Hardly a heartbreak
LADY Antebellum’s success dipped a little in 2014 when its sixth studio album, 747, managed to churn out only one chart-topping single, Bartender, but didn’t make much of a dent otherwise.
The main problem was the album lacked its usual stable of catchy tunes.
Its members Hillary Scott, Charles Kelley and Dave Haywood took time off the band and focused on their solo projects. Three years later, Lady A is back with renewed vigour.
Heart Break is a return to the trio’s brand of toe-tapping, country-pop numbers. Scott sings about enjoying a night in town without needing a man in the fresh, bouncy title track.
Driven by trombones and trumpets, lead single You Look Good is a fun and exuberant piece, introducing listeners to a side they’ve never heard before.
The band gets decidedly inspirational with mid-tempo tracks
The Stars and Army. The Stars serves an encouragement to those who ever questioned their selfworth while Army is a beautiful tribute to the loved ones who lifts us up in our lives, with Kelley singing emotively: “If I’m a soldier, she’s an army.”
Of course, Lady A wouldn’t be Lady A without its signature poignant break-up songs. Hurt is a ballad about never quite getting over a break-up, reminiscent of its 2010 crossover hit Need You Now. It’s the album’s most outstanding track, boasting a strong melodic hook in the chorus and breathtaking harmonies.
Heart Break marks Lady A’s return to form. – Kenneth Chaw GRAMMY-winning New Zealander Lorde created Royals and the rest of her debut album in her teen years. Now, at 20, she’s back with a sophomore release just as exceptional, and with a growing sound. Melodrama finds Lorde partnering with Jack Antonoff, the fun. guitarist and songwriter-producer who worked on Taylor Swift’s 1989. He helps Lorde expand her sound on the new album, keeping what was best about 2013’s moody Pure Heroine, with a few extra layers.
Tracks like Liability and Writer In The Dark are beautiful tunes, highlighted by the piano, that showcase Lorde’s overall growth – sonically, vocally and lyrically. Sober and Supercut are beat-laden winners; Hard Feelings/Loveless is revealing; and Sober II (Melodrama) is eerie and epic.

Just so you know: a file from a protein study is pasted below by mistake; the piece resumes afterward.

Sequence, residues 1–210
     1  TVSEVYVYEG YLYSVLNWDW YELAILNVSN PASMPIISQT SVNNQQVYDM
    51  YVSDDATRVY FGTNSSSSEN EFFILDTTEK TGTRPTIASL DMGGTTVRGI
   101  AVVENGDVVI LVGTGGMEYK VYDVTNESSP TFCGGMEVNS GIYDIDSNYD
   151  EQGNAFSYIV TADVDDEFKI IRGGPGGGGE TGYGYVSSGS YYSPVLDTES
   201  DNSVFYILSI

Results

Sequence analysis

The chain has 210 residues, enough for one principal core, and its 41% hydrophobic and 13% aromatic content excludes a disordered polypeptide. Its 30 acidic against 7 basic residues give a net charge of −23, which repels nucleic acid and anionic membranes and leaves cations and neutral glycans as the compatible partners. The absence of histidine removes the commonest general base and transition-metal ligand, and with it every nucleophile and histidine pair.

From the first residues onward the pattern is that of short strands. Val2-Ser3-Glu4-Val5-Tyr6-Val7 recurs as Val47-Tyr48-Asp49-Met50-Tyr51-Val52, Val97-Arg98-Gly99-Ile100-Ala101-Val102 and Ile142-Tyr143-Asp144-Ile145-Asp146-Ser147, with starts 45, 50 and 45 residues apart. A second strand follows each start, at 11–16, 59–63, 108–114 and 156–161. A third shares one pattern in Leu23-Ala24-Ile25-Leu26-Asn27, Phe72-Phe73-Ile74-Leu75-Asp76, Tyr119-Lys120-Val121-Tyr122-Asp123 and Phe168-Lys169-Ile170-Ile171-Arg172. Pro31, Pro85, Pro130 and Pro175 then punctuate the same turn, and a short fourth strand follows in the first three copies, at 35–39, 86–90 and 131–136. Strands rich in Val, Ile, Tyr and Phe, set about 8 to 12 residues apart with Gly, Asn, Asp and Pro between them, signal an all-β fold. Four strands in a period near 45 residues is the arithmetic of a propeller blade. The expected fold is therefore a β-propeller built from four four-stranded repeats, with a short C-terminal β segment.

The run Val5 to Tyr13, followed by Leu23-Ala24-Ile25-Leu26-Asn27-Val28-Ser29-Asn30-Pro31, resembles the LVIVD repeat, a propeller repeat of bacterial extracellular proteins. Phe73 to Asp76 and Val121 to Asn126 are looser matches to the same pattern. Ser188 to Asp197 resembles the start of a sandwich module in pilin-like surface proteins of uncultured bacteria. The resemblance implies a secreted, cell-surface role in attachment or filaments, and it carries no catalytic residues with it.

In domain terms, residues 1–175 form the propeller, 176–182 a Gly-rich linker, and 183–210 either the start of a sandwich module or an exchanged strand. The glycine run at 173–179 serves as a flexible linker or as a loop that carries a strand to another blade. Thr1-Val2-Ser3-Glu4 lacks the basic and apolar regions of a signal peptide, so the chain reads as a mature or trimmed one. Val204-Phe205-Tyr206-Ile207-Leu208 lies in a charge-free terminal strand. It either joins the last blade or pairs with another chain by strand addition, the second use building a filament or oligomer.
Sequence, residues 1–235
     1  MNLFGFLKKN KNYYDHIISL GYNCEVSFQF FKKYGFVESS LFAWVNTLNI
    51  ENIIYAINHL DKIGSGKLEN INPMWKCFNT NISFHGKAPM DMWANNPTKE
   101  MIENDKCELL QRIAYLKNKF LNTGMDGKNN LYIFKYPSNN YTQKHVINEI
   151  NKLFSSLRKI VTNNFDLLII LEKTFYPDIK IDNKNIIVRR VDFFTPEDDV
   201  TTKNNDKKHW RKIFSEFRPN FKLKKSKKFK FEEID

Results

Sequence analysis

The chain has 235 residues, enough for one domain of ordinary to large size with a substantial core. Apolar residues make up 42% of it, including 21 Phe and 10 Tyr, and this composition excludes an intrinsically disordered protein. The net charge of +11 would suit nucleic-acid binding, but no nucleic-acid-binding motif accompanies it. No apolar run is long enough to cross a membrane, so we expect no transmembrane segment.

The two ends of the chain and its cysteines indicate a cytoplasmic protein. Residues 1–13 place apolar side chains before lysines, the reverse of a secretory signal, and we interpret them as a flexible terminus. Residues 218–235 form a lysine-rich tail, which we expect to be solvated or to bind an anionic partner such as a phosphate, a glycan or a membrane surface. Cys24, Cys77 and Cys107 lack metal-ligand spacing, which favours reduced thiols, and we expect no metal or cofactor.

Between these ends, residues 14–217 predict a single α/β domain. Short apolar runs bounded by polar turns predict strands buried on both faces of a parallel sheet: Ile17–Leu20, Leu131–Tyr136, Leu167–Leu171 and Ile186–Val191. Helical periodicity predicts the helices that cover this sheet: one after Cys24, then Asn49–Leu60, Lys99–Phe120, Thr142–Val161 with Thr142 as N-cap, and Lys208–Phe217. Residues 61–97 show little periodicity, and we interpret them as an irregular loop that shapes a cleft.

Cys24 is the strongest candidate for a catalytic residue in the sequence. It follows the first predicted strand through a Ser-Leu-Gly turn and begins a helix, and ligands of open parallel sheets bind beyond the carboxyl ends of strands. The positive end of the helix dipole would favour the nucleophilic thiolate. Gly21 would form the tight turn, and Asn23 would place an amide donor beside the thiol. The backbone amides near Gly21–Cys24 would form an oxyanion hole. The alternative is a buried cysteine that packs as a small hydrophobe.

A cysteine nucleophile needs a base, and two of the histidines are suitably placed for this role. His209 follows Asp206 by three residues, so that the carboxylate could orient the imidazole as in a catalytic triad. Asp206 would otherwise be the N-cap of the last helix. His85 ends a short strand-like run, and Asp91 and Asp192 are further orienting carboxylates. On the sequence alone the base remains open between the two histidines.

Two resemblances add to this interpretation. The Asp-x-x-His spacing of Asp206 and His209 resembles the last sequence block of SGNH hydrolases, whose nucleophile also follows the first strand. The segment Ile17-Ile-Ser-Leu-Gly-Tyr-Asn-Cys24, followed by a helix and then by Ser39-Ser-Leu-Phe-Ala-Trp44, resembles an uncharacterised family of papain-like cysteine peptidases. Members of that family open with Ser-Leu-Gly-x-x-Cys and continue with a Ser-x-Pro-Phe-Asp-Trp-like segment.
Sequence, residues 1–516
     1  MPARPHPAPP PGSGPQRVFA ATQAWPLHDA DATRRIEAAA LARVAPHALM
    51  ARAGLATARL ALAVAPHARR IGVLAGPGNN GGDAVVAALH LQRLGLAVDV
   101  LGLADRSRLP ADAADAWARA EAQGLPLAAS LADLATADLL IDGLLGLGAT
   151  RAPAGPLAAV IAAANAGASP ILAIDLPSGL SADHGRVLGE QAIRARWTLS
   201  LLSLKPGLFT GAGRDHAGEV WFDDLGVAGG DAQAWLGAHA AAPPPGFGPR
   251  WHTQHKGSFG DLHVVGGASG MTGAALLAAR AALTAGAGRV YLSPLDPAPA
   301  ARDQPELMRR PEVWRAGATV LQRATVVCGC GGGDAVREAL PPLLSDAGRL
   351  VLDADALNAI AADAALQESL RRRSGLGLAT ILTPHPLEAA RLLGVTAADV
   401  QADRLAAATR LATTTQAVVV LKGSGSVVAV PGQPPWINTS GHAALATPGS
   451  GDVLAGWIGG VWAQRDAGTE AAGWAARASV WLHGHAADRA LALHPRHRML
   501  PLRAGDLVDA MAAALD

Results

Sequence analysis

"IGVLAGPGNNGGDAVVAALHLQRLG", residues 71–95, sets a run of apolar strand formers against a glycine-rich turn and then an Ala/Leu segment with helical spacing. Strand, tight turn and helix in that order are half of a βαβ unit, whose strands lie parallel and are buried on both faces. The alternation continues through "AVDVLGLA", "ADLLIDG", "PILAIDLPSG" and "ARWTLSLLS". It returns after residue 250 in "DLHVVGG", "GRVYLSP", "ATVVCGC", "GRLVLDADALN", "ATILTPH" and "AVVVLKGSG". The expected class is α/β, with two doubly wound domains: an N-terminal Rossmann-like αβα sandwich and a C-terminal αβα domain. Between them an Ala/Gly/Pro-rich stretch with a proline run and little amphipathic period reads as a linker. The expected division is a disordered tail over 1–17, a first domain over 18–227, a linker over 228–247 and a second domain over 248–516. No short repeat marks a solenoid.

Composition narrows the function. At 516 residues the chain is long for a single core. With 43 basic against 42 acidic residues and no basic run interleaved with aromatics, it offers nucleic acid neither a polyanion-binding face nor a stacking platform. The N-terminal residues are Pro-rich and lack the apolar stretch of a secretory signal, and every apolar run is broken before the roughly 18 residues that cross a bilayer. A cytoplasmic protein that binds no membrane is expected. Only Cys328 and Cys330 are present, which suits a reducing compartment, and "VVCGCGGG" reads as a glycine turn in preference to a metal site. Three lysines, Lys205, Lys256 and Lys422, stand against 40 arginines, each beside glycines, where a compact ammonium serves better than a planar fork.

This 11-track set is as grand as Lorde’s name. – Mesfin Fekadu/ AP
Sinead Harnett Chapter One Rinse
AFTER hours R&B forms the foundation of the latest mixtape from singer-songwriter Sinead Harnett. The eight-track collection comes in the wake of four relatively understated EPs.
Chances are you would have heard soulful collaborations on more collaborations with the likes of Disclosure and Rudimental. But to date, the London-based songstress’ solo projects have been relatively under the radar.
That lack of mainstream attention is curious, especially when one considers the fact that Harnett makes the kind of smooth and sultry music that ought to go well with a pop crowd desensitised by Drake’s sentimental odes.
If anything, Chapter One isa gorgeous offering that brings together slow-burning numbers with a dash of mild EDM influences. Coupled with some pretty solid song-writing, and you have yourself one of the year’s finest R&B releases.
Stand-out tracks include the super chill Heal You, uber sexy Unconditional and sassy Don’t Waste My Time. Sinead excels at imbuing emotions in her vocal delivery, while having exceptional tonal control. This songstress could do with more attention – and some radio airplay. – Chester Chin
Lady Antebellum Heart Break Universal
Lorde Melodrama Universal